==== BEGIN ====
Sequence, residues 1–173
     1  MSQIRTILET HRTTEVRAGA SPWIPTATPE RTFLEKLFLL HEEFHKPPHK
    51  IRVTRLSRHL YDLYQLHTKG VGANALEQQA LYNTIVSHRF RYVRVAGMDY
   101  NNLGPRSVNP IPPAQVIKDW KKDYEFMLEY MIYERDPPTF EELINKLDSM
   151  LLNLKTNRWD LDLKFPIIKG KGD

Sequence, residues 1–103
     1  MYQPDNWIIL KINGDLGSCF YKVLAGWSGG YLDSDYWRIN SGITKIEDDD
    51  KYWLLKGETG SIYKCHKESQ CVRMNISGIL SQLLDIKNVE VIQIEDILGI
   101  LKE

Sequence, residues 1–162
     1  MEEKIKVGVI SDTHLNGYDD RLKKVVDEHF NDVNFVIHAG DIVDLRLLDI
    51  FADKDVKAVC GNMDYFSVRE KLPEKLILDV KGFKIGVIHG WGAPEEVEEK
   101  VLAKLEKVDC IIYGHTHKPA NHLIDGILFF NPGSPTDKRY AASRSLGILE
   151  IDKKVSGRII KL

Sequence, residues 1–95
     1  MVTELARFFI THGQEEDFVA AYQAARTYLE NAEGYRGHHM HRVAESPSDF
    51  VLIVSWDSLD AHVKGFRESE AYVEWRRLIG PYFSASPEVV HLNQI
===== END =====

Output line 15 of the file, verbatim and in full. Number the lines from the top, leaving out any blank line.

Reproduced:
Sequence, residues 1–95